Last week, in a chilling report that has the faint echoes of lynching during the Jim Crow era, a group of refugees and migrants in the Calais camp say outsiders attacked them. Unidentified men put them in a van, drove them to a field, stripped them naked, handcuffed them and beat them one by one as the others were forced to watch.
Where were the local police? Distinctly absent in their duty to protect victims, people living in the camp say.
This is not an isolated incident. There have been reports of police aggression, as well as other outside gangs carrying out attacks. Médecins Sans Frontières, who provide vital support to the people living in Calais, say every week they see around twelve incidents where people have been violently attacked. And that’s just the ones they come across. Marianne Humbershot, who heads up the legal centre in the camp, told The Independent of the horrors she’s witnessed: “stabbing, strangling and beating with metal sticks. These attacks are against men, women and children. Minors. I have the account of a 10-year-old boy who has been subjected to police violence. I have a 13-year-old who was beaten by police – and 10 days before he had his nose broken by ‘racists’.” No one has yet been held accountable. Crime have been committed but so far there are no criminals.
These campaigns of violence with no visible repercussions should come as little surprise. People living in these camps find few in positions of real power who will properly defend them. Just yesterday, a judge ruled to bulldoze a whole section of the Calais refugee camp with no real plans in place to rehome the people who will lose their makeshift accommodation. Already warnings are in print: they will “use force if necessary”.
“Sticks and stones may break my bones but words will never hurt me”. So goes the old saying that still lingers in school playgrounds. The message: actions matter, words don’t. In this line of thinking, describing people from abroad as “illegal immigrants” or a doomsday flood ready to take your job shouldn’t matter. We don’t love it, but they’re just words. Until they aren’t. These dehumanising terms float around Europe; paired with assumedly benign government policy (like cutting support for asylum seekers), they lead militia to exact a campaign of violence against refugees and migrants.
Men, women and children have risked their lives to make it to European shores, undertaking journeys more harrowing than anything many of us can imagine. These human beings are then shunted from place to place, unwanted by countries that are building walls to keep them out – some use words and mistruths, others barbed wire. Thousands of these people wind up in refugee camps. Here the xenophobia that grips Europe is violently abundant.
Violence against refugees and migrants isn’t confined to Calais. While so many turned their attention to the Cologne attacks, little attention has been given to another incident of sexual assault near this same city. Security guards in an emergency shelter have reportedly sexually assaulted and raped women refugees. In an open letter, an anonymous author writes a distressing account of a group of male guards running a criminal ring, abusing women and videotaping them while they breastfeed, shower and sleep. Women and girl refugees experience similar horrific assaults as they travel through Europe; reports say they are subjected to violence, sexual harassment and exploitation. Yet when the “outsider” is the victim at the hands of predominantly white abusers, it’s not newsworthy.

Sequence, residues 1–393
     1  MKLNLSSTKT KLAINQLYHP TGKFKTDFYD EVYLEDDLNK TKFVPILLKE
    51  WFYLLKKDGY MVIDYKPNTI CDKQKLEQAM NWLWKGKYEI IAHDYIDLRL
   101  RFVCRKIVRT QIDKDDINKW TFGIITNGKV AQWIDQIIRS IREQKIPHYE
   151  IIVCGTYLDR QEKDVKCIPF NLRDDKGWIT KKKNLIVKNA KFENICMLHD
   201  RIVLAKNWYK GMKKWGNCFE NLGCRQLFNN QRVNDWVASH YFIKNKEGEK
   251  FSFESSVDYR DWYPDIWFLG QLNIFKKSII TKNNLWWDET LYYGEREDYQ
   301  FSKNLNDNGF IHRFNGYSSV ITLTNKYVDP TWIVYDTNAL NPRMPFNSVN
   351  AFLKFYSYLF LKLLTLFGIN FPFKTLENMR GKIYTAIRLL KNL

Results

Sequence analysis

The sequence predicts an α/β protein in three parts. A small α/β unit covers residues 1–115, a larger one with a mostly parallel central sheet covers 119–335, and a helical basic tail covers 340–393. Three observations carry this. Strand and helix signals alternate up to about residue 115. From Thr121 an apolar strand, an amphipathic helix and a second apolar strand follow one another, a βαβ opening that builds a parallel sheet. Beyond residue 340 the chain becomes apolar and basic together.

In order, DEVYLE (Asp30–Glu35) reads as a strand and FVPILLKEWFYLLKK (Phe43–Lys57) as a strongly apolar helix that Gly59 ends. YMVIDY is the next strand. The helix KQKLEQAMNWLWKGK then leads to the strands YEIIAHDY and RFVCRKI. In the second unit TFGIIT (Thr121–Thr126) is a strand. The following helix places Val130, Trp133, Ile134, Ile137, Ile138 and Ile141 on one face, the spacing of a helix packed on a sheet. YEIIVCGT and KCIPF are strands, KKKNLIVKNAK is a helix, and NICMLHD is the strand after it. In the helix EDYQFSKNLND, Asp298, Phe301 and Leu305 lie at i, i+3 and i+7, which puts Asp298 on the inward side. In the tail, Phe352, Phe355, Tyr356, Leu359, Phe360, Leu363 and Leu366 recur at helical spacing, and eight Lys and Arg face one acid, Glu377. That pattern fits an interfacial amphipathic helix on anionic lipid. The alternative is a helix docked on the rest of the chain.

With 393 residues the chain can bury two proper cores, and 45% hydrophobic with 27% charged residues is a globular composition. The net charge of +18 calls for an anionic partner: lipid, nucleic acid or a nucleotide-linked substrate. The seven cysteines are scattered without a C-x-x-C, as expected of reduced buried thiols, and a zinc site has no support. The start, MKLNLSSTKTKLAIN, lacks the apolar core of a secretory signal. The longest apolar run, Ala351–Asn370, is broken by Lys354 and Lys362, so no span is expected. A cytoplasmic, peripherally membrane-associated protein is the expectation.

There is racism laced throughout these events; people are subjugated and attacked for their “otherness”. It’s not impossible that the same violence will manifest itself in this country. What else can we expect? Britain and other European countries undergird their policies on immigration and refugees with discrimination. With no evidence to support his decision, David Cameron negotiated an “emergency break” to cut the in-work benefits given to EU migrants in their first seven years in Britain. It doesn’t matter that migrants contribute far more than they take out; many assume this is an adequate way to address anti-immigration feeling. Although this is EU-specific and doesn’t affect the small number of refugees the government allow to settle in the UK, the symbolism stretches to touch all “foreigners”. In fact, in this haze of xenophobia it’s likely to affect immigrants and refugees of colour more. It says: people from abroad don’t deserve the same standard of living as those who are local-born; they are subhuman, here to steal and disrupt an imagined British community.
Migrants and refugees aren’t people. They are a mass, descending on Europe or Britain to rip apart the fabric of life. This is the underlying message of the words we use to describe people from abroad and the xenophobic policies that flow from politicians’ mouths. It’s in this climate that people have decided to exact brutal violence on refugees and immigrants. This isn’t just the product of a far right living on the political periphery; it comes from the very society in which we live.
Maya Goodfellow is a journalist and political commentator. She primarily writes about British politics and has worked as a researcher for a think tank. She also writes about international affairs, with a particular focus on conflict studies. Find her on Twitter: @Mayagoodfellow
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